25 towards the end of the cessation period and approached the dark phase food intake of the control group. There was no significant difference in the light phase food intake (expressed in number of pellets per day; Figure 3-5) during the baseline period (HD: 154.55.76; LD: 152.68.15; VEH: 165.25.19), there was a significant difference during the nicotine infusion period [F(2,403) = 39.473, p < .001). Post-hoc tests revealed si gnificant differences between the VEH group (145.31.77) and both the HD (98.78.94) and the LD group (111.46 3.84). This difference was relatively stable throughout the nicotine infusion pe riod and there was no significant difference between the two nicotine groups during the infusion period. During the nicotine cessation period, a significant group effect was seen [F(2, 401) = 10.914, p <.001]. Post-hoc tests found differences betw een the VEH group (152.09.73) and the LD (126.07.15) group, and HD (141.53.00) and LD groups. The light phase food intakes of the two nicotine groups reached the level of th e VEH group by the end of the experiment. Meal Number There was no significant difference in total daily meal number (Figure 3-6) between any of the groups (HD: 10.79.27; LD: 10.66.25; VE H: 10.68.25) during the baseline testing period or the nicotine in fusion period (HD: 11.14.23; LD: 10.65.22; VEH: 11.16.22). There was a difference in meal number betw een the VEH group and the two nicotine groups during the last 3 days of drug infusion and the first three days following removal of nicotine. There was no significant difference in the num ber of meals taken in each group during the nicotine cessation period (HD: 12.55.26; LD: 12.18.26; VEH: 12.66.24), although all groups experienced an increase in total meal number during the last phase of the study. There was no significant difference in dark phase meal number (Figure 3-7) between the VEH group (6.03.17) and either nicotine gr oup (HD: 5.97.19; LD: 5.70.17) during the
26 baseline testing period. Ther e was a significant group effect on meals during the dark phase during the drug infusion period [F(2,370) = 33.916, p < .001]. Tukeys posthoc test revealed significant differences between the HD group (6.99.16) and both the LD group (6.35.16) and VEH group (5.96.16). There was no significan t difference in dark phase meal number between any of the groups (HD: 6.93.16; LD: 6.82.17; VEH: 6.64.15) during the period in which nicotine was removed. There was no significant difference in the number of light phase meals (Fig. 3-8) during the baseline period (HD: 4.76.19; LD: 4.93.17; VEH: 4.70.17). There was a significant group effect of light phase meals [F(2,403)= 44.27, p <.001] during the drug infusion period. Post-hoc tests revealed that the VEH group ( 5.20.13) had a significantly higher number of meals during the light phase when compared to the HD (4.15.13) and LD groups (4.30.13). Upon removal of the nicotine, there was a signi ficant group effect on light phase meal number [F(2, 398) = 4.85, p < .02]; post-hoc tests revealed a si gnificant difference between the VEH group (6.02.15) and the LD group (5.36.16). Th ere was no significant difference between the HD group (5.62.15) and the LD group or the VEH group. Meal Size The baseline testing period di splayed no significant differenc es (Figure 3-9) between any of the groups regarding total m eal size (e xpressed in pellets per meal; HD: 45.78.74; LD: 43.71.59; VEH: 42.22.60), although the meal size wa s much larger in all groups during the baseline period when compared to the drug infusion period and the post te sting period. During the infusion period, there was a significant group effect on total meal size [F (2, 403) = 6.989, p <.001]. Post-hoc tests reveal ed a significant difference between VEH group (35.531.75) and the HD group (31.47.79); the LD group (33.48.77) also had a smaller meal size compared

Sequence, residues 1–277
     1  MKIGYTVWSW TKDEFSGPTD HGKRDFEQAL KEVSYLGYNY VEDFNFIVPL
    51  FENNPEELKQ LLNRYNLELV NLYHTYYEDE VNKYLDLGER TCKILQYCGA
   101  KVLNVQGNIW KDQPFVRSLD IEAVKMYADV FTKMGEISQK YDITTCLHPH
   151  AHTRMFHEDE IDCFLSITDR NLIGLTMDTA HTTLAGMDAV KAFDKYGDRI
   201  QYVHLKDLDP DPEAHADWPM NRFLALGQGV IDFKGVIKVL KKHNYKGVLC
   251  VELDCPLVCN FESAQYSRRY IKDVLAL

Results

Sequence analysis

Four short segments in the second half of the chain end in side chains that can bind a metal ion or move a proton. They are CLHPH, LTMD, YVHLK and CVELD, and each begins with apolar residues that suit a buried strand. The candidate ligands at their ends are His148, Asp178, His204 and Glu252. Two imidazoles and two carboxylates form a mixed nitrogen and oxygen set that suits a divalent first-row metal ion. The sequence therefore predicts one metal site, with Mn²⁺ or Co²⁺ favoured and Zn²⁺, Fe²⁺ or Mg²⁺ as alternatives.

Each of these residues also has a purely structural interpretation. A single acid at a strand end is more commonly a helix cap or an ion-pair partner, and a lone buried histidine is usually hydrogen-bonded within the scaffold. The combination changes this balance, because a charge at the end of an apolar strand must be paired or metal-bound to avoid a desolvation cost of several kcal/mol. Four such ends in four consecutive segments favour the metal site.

27 to the control group but the difference was not si gnificant. There was no effect of group on total meal size (HD: 33.71.78; LD: 34.65.81; VEH: 33.72.74). There was a significant group effect in dark pha se meal size (expressed in pellets per meal; Figure 3-10) during the baseline testing period [F(2, 261) =3.066, p <.05]; both nicotine groups (HD: 55.27.06; LD: 55.92.80) had larger meal sizes than the VEH group (47.01.80) during the baseline period. During the drug in fusion period, there was a significant of group on dark phase meal size [F(2, 403) = 6.14, p <.005]. The HD group had significantly decreased dark phase meal size (36.18 1.18) when compared to th e VEH group (41.80.12); the LD group (38.33.14) had smaller dark phase meal sizes during the drug infusion period as well but this difference was not significant. Upon the rem oval of nicotine, there was a significant group effect on dark phase meal size [F(2, 398) = 3.32, p<.05]. The LD group (43.94.19) had significantly higher dark phase meal sizes when compared to the HD group (39.88.15). However, the HD group had larger dark phase m eal sizes for the majority of the nicotine cessation period, and it was only toward the end of the experiment th at they showed smaller meal sizes than the VEH group (40.72.08). There was no significant difference in light phase meal size during the baseline testing period (HD: 34.38.59; LD: 32.84 1.44; VEH: 35.83.45). During the drug infusion period, there was a significant group eff ect [F(2, 403) = 11.62, p< .001] on li ght phase meal size; posthoc tests found significant differences be tween the HD group (23.89 0.78) and both the LD group (26.83.76) and the VEH group (29.08.74). The LD group had increased light phase meal size compared to the VEH group during one 3day interval but had much smaller meal sizes during every other interval. Du ring the nicotine cessation period, there was no significant effect